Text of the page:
November 8, 2010

Forgive the ‘legacy debts’ and save the economy

Posted in Banks · 221 comments ·

Let’s say you own a company. It’s a retail company which you set up in 1999. It traded well in the boom, but to grow quickly, you took on debts commensurate with your turnover. Every time that you wanted to increase turnover, you had to rent a new outlet and invest.

This took money – and, while you tried to reinvest cashflow, you needed to go to the banks because the costs of your premises and rents were so huge.

Your turnover hit €2 million in early 2006.You expanded by opening two new outlets to capitalise on the demand and you incurred more debt – but it was manageable because turnover was rising. You employed more and more people.

Trade was good, but your costs were high and margins were still tight.

You convinced yourself that, over time, you would get the systems right and the cost to income ratio would move in your favour.

After all, you were still learning, putting in the hours, but you were building something and you believed in the future. By early 2008, you had six outlets, a turnover of €3 million and debts proportionate to that figure.

You could service your debts out of your cashflow. Then, crash! People stopped buying your wares.

Today, your turnover has halved. You own a company, which has a turnover of €1.5 million, but debts appropriate to a company with turnover of €3 million. What do you do?

Do you borrow more to try to tide you over, so that you incur more debt to pay for already too much debt? Do you close down and sell everything to pay off the debt? Do you slim down and keep two of your six shops, which may trade through the recession? But even if two shops are trading at full tilt, they won’t generate the cash to pay the debts which were incurred for an operation of six shops and a turnover of €3 million.

You go to the bank and explain that there is no cash, and ask the bank to consider some negotiation on the debt.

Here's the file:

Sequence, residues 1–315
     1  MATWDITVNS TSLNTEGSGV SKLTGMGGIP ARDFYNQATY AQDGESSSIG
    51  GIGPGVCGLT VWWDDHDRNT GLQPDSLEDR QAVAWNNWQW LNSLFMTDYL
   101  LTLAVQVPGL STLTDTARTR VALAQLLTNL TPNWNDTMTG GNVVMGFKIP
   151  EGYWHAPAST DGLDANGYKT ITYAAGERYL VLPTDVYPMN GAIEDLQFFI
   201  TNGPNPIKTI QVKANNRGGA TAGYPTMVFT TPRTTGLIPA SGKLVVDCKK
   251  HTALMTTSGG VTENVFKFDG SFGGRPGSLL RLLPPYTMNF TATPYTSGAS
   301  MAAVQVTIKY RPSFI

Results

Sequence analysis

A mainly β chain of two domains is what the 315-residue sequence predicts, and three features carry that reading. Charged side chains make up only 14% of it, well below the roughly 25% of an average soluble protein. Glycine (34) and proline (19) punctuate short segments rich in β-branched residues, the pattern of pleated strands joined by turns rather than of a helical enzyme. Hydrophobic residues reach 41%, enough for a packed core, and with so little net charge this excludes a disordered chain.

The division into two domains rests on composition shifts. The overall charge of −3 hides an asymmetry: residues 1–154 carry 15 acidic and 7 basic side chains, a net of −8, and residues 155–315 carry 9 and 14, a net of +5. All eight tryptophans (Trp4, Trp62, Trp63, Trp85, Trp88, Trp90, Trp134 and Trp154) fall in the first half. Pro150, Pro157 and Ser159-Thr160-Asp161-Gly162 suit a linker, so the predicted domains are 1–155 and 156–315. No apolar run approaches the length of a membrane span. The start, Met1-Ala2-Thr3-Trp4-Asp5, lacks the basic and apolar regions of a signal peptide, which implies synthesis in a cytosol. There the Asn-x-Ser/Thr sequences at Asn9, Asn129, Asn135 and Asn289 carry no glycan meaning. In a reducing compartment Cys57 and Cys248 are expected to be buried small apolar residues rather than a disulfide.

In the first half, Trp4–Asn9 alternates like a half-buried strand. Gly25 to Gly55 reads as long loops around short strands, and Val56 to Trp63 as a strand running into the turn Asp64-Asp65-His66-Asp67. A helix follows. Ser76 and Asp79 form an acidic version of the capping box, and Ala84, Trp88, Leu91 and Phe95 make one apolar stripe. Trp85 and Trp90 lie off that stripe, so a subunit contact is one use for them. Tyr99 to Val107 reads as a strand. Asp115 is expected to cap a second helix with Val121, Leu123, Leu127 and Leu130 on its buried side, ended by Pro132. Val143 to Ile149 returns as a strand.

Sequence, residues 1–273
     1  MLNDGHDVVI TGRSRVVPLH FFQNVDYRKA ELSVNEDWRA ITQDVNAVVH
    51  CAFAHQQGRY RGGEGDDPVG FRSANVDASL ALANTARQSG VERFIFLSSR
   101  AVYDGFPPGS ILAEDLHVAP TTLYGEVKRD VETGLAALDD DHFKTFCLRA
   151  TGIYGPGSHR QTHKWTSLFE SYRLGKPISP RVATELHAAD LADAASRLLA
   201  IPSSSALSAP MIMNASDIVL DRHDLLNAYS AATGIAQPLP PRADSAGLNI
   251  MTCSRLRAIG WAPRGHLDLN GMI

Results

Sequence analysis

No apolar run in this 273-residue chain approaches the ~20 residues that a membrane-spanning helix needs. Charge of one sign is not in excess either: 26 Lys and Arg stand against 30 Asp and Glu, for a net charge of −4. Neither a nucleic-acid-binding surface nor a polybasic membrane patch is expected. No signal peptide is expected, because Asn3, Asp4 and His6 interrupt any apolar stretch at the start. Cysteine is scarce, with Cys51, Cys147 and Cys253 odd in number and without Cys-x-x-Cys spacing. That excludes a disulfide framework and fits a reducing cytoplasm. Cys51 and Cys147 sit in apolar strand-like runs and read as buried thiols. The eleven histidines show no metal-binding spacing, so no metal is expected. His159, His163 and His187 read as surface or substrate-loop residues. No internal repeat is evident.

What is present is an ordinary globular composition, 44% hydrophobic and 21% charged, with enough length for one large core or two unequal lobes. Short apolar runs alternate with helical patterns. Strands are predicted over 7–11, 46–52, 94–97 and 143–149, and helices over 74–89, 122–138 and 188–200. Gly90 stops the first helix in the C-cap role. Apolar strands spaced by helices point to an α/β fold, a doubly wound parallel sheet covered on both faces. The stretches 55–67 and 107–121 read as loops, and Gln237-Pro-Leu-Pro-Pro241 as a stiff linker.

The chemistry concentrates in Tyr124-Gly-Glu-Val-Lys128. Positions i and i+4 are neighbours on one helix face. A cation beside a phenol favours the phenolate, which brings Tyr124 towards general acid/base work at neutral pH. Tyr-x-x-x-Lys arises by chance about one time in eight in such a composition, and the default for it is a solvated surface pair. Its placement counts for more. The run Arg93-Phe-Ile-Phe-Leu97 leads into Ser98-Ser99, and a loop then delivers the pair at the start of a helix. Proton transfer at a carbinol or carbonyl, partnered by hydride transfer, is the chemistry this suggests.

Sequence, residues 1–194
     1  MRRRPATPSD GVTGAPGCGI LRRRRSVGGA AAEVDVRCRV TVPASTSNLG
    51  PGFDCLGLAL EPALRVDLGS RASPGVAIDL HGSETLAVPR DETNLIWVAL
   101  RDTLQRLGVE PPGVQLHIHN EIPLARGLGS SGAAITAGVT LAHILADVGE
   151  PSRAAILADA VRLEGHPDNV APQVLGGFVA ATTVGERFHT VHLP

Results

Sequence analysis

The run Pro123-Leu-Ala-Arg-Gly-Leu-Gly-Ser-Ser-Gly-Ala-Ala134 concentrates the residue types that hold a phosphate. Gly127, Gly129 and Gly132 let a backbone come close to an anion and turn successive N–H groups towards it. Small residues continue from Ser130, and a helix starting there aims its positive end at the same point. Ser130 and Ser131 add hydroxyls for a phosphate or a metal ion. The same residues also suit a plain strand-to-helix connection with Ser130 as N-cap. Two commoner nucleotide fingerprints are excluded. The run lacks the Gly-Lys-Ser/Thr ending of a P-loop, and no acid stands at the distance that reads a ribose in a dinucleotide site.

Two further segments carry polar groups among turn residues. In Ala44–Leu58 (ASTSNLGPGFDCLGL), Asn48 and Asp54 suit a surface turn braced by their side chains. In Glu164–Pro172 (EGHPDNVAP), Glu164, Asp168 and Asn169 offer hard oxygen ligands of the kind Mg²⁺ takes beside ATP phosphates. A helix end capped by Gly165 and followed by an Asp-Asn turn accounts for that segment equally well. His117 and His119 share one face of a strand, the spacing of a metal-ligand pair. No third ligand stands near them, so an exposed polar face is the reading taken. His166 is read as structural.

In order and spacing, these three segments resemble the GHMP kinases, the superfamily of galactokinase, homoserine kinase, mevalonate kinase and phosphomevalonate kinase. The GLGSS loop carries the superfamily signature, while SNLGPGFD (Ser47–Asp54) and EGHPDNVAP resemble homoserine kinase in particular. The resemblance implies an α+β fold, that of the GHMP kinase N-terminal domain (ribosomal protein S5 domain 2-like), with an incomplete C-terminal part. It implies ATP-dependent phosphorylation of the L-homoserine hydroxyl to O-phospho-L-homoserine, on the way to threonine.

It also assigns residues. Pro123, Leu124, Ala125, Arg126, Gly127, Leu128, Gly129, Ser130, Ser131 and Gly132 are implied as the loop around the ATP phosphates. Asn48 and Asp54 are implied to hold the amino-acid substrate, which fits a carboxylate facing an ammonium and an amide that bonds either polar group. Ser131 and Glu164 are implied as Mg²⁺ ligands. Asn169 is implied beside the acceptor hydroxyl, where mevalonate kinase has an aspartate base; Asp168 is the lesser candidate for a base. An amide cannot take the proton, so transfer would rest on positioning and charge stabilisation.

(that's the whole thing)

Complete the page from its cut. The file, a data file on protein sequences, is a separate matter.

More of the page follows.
The bank refuses and claims that it will now go after your other assets.

But you don’t have any. What about your family house? Didn’t you put that up as collateral? Well, yes, but it too has fallen by 50 per cent in value since the peak.

You leave the bank, despondent. Remember you still have three outlets that are trading well, employing people, generating Vat and income tax and corporation tax revenue for the state. You are also taking a modest wage out of it.

The suppliers with whom you have done business are also depending on you, as are their suppliers, and on and on down the chain.

If you close now, the ramifications will be felt far more widely than just your firm. What are your options?

Either you can enter debt renegotiations with the banks and your other creditors where they will get something – not everything, but you all stay afloat – or receivership, where you fold and your creditors get far less in the subsequent fire sale.

The banks refuse to budge, and you don’t want to admit to some of your suppliers that you can’t pay your bill because of the shame of not being able to meet your obligations.

So you try to trade for a bit more, but the figures don’t add up.

Reluctantly, you go into receivership. The receiver tells the creditors to line up in an orderly queue to see what can be salvaged from the business. The banks and the other creditors get much less than they would if you had all done a deal on ‘debt forgiveness’.

The business is closed, the jobs and tax receipts are lost, and all because the ‘legacy debts’ of the boom strangled a good but much slimmed-down business in the bust.